In 2011, I wrote A Theological Introduction to Paul's Letters to check in with Paul's thought on the threefold gospel, in which I pointed out the importance of God's righteousness (not our righteousness), Christ's faith (not merely his death), and Christian participation in Jesus's faith (not merely salvific knowledge).



Thursday, April 6, 2017

"Jesus means nothing unless ..."

Yung Suk Kim

Jesus means nothing unless there’s something worth to imitate. The name Jesus would be hollow if there is no work to discern to follow. He pointed his finger to God and did the work of God. But sometimes people look at his finger and worship him. That is an idol. Jesus would be nothing more than a shaman if there were no ethics or things to follow. We have to see what he did for God. He makes it clear about this in John 10:37-38:
If I am not doing the works of my Father, then do not believe me. But if I do them, even though you do not believe me, believe the works, so that you may know and understand that the Father is in me and I am in the Father.
Furthermore, Jesus also "said to the Jews who had believed in him, 'If you continue in my word, you are truly my disciples; and you will know the truth, and the truth will make you free'" (John 8:31-32). 

A mere belief about him is naive. A mere name Jesus is hollow.



Monday, April 3, 2017

10 Rules of Biblical Interpretation

Yung Suk Kim

1. Don’t say that the Bible says. Strictly speaking, the Bible does not say or speak to you. Even if it says, it speaks more than one thing. The Bible is not a single book. Bible derives from the Greek word biblia, which means “books.”

2. Texts don’t mean, but we mean with them. Both text and reader are important.


3. Know the historical and literary context of a text. No context, no meaning!


4. Even before reading the Bible, know who you are and what you are up to. Reading is a critically informed conversation.


5. Be aware of the diversity of interpretation, but know there is also a boundary of a text.


6. Do not put God into a box. God is more than or beyond the Bible.


7. Your Bible is a translation, which is imperfect. Know biblical languages and translate texts properly.


8. Do not fix the meaning of a text, but open your mind and heart toward a new voice or insight.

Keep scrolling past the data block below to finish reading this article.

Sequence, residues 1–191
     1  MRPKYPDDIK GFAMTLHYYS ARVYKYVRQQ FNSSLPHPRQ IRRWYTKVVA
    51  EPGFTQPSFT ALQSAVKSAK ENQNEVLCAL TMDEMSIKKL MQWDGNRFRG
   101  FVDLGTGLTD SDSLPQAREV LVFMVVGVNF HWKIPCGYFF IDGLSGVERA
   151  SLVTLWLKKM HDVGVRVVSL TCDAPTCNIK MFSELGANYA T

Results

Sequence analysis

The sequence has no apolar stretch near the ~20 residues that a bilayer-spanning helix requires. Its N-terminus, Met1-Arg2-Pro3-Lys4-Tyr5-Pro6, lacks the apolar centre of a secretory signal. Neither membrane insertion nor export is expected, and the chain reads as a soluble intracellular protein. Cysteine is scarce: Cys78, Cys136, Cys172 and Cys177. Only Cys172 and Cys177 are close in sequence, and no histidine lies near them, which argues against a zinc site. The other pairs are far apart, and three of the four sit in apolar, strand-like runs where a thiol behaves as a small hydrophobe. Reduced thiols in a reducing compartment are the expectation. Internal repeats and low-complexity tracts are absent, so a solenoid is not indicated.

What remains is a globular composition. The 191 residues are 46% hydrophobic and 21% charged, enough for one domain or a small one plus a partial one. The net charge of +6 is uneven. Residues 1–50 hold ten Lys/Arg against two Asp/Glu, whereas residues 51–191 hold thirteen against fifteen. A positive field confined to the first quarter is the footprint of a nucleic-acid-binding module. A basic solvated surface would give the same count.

Sometimes, the problem is we know too much about the Bible.

9. Name oppressive or abusive texts or interpretation. Nothing in the text is taken for granted. 

10. Read texts closely and raise many reader-response questions.



*For more about biblical interpretation, see Biblical Interpretation: Theory, Process, and Criteria (Pickwick, 2013).



Saturday, April 1, 2017

Charity ends, but love (agape) never ends

Yung Suk Kim

My colleague, Dr. Boykin Sanders, here at the Samuel DeWitt Proctor School of Theology, gave a powerful sermon this morning at the regular chapel of the school. The title of his sermon was "Charity or love." I was greatly touched by his passionate and critical reading of the Corinthian text. I write my own reflection in the following.

          Apostle Paul says in 1 Cor 13 that love never ends. True love is based on the need of others. It is other-centered love and action. It is an expression of love for God and others. It is a humbling attitude that no one can live without others. But this other-centered love does not simply mean that one must sacrifice himself/herself for others. The love must be authentic and voluntary. There must be a good balance between the following three loves: "love of the self, love of neighbor, and love of God."

          While love does not end, charity ends. It is often not an expression of true love. It may be selfish love. It may be a way out of personal guilt. A giver may feel good about it and expects others to be like him/her. In addition, charity often works with binary constructions between the haves and the have-nots, between the rich and the poor, between the poor and not-so-poor, and between the abled and the disabled. Here people ask questions like "who is my neighbor?" or "who is worthy to be loved?" But love breaks down all these binary constructions and asks the issue of justice for all. It is like the justice found in the parable of the vineyard (Matt 20:1-16). God's vineyard needs full employment and adequate pay for all.

          Gifted people such as those who speak in the tongues or prophesy or have charity organizations may fall into the trap of self-promotion. That is why Paul wants to show "a more excellent way," which is agape. Before doing anything or giving anything, one needs to check his/her motivations.


"If I speak in the tongues of mortals and of the angels, but do not have love (agape), I am a noisy gong or a clanging cymbal" (1 Cor 13:1).